Tag: Pasadena Casting Club

Call to Action: Make your voice heard about proposed new CDFW regs

Fishing organizations with a conservation focus, including the apolitical Pasadena Casting Club, Trout Unlimited and Cal Trout are all asking fishers to make their voices heard about the proposed California Department of Fish & Wildlife regs, which would simplify their complex system with major consequences for many of the waters we love.

For example, the Golden Trout Wilderness, home to our endangered state fish, would be open to a five-fish take and no gear requirements!

Or Hot Creek? Under the proposed regulations, it would lose its “barbless artificial flies only” designation in favor of “barbless artificial lures only.” We all know the difference between a No. 16 green scud and a Rapala DT armed with two barbless treble hooks.

Can you imagine what either gemlike area would fish like after a couple of years of that kind of pressure?

Know this is one issue both fly and spin fishers are united in opposing. As Jack Lunch wrote in Mammoth’s The Sheet:

 And why do fishermen of all stripes, from fly fishermen to bait fishermen, all seem to be on the same page? 

     “I’ve never been in a room where bait and fly people are in complete agreement on something,” remarked Slee Thursday morning. 

     Slee says year-round fishing will decimate fish populations by putting them under constant stress. 

I’ve compiled information from two of the organizations below, as well as provided a link for your comments. Trout Unlimited Jessica Strickland’s side-by-side comparison of California waters with current and proposed regs is available by email only. If you’d like a copy, let her know at jessica.strickland@tu.org.

If you are free tomorrow, from noon- 2 p.m.there’s an information session at Bass Pro Shop in Rancho Cucamonga.

See you on the river, Jim Burns


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Calendar Item: Come join me Thursday night at the Pasadena Casting Club

Yucking it up in 1938: Herald-Express photographer Coy Watson Jr. (left) and reporter Fred Eldridge (Courtesy KCET).


Hello everyone,

I’m speaking this week about the critical juncture in the story of the LA River, the time we’re in right now.  So get your inner river nerd on this Thursday, Sept 13, at 7:30 p.m., at the Pasadena Casting Club in Pasadena’s beautiful Lower Arroyo Seco. If you haven’t seen the casting pond, check it out. The event is  free and you don’t have to be a PCC member to attend. No reservation required. Here are directions. Note, the clubhouse doesn’t have an address.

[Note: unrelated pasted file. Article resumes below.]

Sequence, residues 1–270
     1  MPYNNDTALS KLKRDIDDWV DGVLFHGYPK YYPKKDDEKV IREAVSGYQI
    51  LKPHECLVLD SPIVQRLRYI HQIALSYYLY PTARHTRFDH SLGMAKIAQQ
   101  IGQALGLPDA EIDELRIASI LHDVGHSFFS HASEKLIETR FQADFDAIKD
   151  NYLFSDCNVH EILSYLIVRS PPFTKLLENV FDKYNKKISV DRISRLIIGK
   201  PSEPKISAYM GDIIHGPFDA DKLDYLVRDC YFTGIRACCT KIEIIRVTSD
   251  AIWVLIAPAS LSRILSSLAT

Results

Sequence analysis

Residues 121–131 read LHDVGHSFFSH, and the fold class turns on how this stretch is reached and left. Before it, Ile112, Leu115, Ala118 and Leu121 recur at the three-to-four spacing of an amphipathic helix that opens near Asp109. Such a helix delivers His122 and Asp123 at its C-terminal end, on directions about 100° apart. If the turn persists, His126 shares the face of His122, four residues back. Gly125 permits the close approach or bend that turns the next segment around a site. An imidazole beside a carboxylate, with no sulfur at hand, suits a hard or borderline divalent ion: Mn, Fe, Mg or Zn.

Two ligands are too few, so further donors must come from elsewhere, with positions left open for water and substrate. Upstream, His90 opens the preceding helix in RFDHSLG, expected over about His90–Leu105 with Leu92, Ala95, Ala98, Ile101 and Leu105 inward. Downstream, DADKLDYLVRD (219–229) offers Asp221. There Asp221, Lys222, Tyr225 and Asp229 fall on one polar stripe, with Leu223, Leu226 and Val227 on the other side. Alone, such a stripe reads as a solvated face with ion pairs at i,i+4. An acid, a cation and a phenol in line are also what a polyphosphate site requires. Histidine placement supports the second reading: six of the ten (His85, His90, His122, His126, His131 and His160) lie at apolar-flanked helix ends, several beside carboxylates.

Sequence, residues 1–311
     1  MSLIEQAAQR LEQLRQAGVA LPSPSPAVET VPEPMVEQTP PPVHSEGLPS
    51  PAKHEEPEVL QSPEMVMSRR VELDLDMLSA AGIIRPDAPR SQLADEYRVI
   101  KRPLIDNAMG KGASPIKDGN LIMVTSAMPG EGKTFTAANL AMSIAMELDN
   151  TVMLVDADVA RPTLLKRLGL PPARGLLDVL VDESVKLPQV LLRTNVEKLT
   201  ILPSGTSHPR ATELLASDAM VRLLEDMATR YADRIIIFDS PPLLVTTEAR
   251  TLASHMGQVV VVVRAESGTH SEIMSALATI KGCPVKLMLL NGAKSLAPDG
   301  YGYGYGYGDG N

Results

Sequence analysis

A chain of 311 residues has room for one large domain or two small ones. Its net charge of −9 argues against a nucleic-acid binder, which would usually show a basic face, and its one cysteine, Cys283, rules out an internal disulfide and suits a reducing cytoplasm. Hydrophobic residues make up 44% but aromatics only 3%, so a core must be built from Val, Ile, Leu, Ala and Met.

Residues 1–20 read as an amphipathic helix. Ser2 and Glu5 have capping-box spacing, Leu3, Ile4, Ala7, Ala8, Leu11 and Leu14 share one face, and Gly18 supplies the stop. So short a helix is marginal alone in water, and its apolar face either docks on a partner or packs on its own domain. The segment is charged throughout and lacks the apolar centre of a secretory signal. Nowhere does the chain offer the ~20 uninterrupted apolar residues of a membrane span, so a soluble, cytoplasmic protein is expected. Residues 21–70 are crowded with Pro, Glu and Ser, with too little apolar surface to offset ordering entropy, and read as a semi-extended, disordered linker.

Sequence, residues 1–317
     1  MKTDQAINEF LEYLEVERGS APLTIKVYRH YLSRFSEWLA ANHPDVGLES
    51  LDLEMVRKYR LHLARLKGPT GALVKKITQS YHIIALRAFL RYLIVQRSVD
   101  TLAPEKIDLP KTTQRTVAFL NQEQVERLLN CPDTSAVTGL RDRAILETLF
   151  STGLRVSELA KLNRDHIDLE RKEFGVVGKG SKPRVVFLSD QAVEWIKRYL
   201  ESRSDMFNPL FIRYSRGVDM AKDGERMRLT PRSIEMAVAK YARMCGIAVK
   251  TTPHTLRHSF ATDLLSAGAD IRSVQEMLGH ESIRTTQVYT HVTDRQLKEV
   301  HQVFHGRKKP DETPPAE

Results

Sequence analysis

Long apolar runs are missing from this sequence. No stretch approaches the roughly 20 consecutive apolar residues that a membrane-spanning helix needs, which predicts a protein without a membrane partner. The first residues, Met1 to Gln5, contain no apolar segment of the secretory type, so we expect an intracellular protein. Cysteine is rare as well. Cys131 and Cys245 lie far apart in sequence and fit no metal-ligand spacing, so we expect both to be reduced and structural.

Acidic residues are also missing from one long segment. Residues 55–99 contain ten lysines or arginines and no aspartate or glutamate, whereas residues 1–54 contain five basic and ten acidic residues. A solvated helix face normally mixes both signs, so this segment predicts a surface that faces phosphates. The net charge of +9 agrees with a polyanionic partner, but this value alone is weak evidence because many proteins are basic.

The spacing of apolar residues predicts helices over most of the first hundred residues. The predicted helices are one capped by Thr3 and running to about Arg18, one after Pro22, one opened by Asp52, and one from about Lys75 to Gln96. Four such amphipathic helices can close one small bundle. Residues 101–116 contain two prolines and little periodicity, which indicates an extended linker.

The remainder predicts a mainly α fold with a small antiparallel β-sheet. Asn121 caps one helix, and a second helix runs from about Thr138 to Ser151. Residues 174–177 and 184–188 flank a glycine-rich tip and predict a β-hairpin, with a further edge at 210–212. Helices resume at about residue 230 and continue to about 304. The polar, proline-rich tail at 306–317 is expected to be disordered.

See you on the river, Jim Burns


Update: ‘Off tha Hook’ prizes valued at $900

The $50 entry fee is looking better, as Patagonia Pasadena stepped up as the Platinum Sponsor for the second annual catch & release fishing derby on the L.A. River, “Off tha Hook.”

There will be two winners on Saturday, Sept. 5, and if you think you’ve got the goods to nab a sweet, fat carp, the top prize could be yours.

The winner will be decided by total weight of fish logged in by the biologists. Just like last year, an angler’s fish will be brought to the biologists by the “bucket brigade” to be weighed, measured and released back into the river. In a change from last year, both fly and spin compete in the same category.

The winner’s prizes will be an exclusive “Off tha Hook” T-shirt, a FoLAR swag bag, trophy with ribbon, his and hers Patagonia puffy jackets, and a box of warm-water flies, tied and donated by the Pasadena Casting Club.image

There will be also be a winner for rarest species, which means anything finny other than carp would be in consideration. On-site biologist Sabrina Drill, Associate Director, California Naturalist at the University of California Cooperative Extension, will make the call.

The angler awarded the rarest species moniker will receive an exclusive “Off tha Hook” T-shirt, a FoLAR bag of swag, trophy with ribbon, and a men’s Patagonia Buckshot Shirt and a women’s Patagonia Better Sweater Jacket.

All told, the value of the prizes is worth more than $900.

Anglers will receive a $10 discounted entry fee if they agree to stay and teach the children, ages 7 to 17, their skills of fishing in an urban river for an hour.

See you on the river, Jim Burns